Global crises call for common efforts
Cover of "Common Wealth: Economics for a Crowded Planet"
TEXT OF INTERVIEW
KAI RYSSDAL: This is going to sound a little counterintuitive, but I'd guess food analysts are hoping the Commodities Futures Trading Commission comes up with some evidence of a conspiracy at a hearing it's holding tomorrow. The commission's going to be looking into why grain prices are so high, and how much of those records are due to speculation. If they're simply supply and demand, then that could be a much longer-term problem.
In the past month or so, some of the world's poorest consumers, in Africa and Asia, have rioted over the rising price of wheat and rice. Columbia University economist Jeffrey Sachs says this is no surprise really. In his latest book, "Common Wealth," Sachs says unless we cut back on consumption, we'd better get used to food riots and skyrocketing energy costs.
JEFFREY SACHS: Not only are we currently on an unsustainable trajectory, whether it's in climate, or water, or land use, or global population growth, but things are getting worse. The pressures that we're putting on the world's systems will multiply tremendously until we understand that we need a different approach.
RYSSDAL: This is a time, though, of a unified global economy, but a sharply divided global society. How do you get there from here?
SACHS: The point is, that if we understand that we share common problems, that Phoenix and the west of the United States is facing climate change and drying the same way that Pakistan and Tehran and the Sahel of Africa are facing climate change and drying, then we can start thinking together and working together on truly common interests. The chance to work together would be grasped with tremendous excitement and enthusiasm in so many parts of the world.
RYSSDAL: Who do they want help from, though? Do they want it from the United States, or don't they care?
SACHS: Well, I think the idea that the U.S. is the leader of these problems or solutions is passe. My book doesn't call for the United States to assume the global leadership role. We need cooperation with China. China now emits more greenhouse gasses than we do. China's demand for growing food supply puts pressures in all parts of the world, so this is simply a call to say, let's look at the problem systematically. Look at the technologies, because that's where I put the focus. Understand that the costs of solutions are much less than people fear, and then work together to implement.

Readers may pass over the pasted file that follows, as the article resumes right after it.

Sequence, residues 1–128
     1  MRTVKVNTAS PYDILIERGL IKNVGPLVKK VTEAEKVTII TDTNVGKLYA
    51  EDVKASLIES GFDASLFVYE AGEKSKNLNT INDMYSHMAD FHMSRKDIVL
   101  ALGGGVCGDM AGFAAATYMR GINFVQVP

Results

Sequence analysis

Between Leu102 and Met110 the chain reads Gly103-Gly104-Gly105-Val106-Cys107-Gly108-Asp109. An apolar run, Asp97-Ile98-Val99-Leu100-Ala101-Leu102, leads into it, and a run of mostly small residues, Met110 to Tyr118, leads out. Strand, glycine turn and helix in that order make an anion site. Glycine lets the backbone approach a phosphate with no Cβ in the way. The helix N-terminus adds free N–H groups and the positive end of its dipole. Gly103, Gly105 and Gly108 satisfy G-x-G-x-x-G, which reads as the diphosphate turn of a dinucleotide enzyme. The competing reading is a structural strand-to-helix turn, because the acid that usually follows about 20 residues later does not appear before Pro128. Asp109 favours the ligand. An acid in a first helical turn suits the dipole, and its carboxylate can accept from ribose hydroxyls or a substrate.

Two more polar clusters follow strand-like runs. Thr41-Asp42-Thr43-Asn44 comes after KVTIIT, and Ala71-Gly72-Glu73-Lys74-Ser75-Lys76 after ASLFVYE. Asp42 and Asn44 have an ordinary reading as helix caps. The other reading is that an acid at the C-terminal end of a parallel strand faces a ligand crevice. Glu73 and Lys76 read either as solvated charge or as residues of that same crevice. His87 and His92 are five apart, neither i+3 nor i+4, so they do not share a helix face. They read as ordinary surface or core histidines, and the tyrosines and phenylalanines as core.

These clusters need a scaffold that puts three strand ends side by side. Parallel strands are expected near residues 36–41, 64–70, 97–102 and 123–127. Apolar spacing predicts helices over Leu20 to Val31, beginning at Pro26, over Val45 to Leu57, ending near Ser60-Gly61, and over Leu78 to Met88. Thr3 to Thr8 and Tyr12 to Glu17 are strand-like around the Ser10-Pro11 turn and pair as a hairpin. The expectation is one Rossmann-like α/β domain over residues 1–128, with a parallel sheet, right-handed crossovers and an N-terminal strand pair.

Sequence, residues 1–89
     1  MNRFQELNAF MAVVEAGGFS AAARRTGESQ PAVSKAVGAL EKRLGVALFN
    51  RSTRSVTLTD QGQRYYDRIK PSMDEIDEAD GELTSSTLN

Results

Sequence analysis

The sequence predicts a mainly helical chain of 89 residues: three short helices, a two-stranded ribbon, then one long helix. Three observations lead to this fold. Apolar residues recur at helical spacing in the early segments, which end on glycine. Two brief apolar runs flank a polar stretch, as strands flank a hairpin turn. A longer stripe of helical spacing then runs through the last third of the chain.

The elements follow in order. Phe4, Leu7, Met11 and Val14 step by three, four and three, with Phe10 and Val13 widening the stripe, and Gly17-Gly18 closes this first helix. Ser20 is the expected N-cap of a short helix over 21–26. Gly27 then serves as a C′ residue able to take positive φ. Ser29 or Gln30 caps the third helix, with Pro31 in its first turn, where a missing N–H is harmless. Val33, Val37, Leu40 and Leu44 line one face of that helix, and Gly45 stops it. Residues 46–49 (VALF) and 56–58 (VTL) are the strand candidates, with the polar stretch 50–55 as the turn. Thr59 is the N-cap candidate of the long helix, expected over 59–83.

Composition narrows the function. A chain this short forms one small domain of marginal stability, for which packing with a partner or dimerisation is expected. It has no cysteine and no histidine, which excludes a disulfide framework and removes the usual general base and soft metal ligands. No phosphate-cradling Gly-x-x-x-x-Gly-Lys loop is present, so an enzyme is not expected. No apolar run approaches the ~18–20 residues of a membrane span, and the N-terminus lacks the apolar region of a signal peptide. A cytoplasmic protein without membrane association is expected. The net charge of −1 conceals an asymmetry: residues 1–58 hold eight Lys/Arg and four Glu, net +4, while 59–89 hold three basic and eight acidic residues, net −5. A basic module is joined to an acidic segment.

RYSSDAL: Is there a prescriptive remedy? Can we sit here and say listen, we need to do this about climate change, this about population, this about poverty and this about politics and then, presto?
SACHS: We don't know everything that will need to be done, because there's going to be a lot of exploration and learning along the way, but on climate change, for instance, we can understand fully that at the core of the climate change problem is the transition to a sustainable energy system. That means converting to new technologies, whether it's concentrated solar thermal in the Mojave desert, or whether it's plug-in hybrids, or some other high mileage technology for automobiles. We can't say exactly which of these options, or which combination for that matter, will be the ones that will prove to be the least cost and the most scalable, but we know a lot about what's within reach, and then the kinds of systems that need to be put in place to get them adopted.
RYSSDAL: Seems to me what you're asking for here, what you're calling for, is a series of global public investments. Where's the dividing line between the public sector responsibility and corporate America and corporate Europe and corporate Asia?
SACHS: The nature of major technological change is that there must be the broad participation of many different parts of society, so we need academia. We need large-scale government financing for the basic science and for early-stage demonstration. We need the private sector, which does one marvelous thing, when the price is right and the technology is close to demonstration or demonstrated, it can scale up remarkably if the market incentives are put in place.
RYSSDAL: Jeffrey Sachs is the director of the Earth Institute at Columbia University. He's a special advisor to the Untied Nation Secretary General, Ban Ki-Moon. His latest book is called "Commonwealth: Economics for a Crowded Planet." Professor Sachs, thanks for your time.
SACHS: Well, thank you for having me on the show today.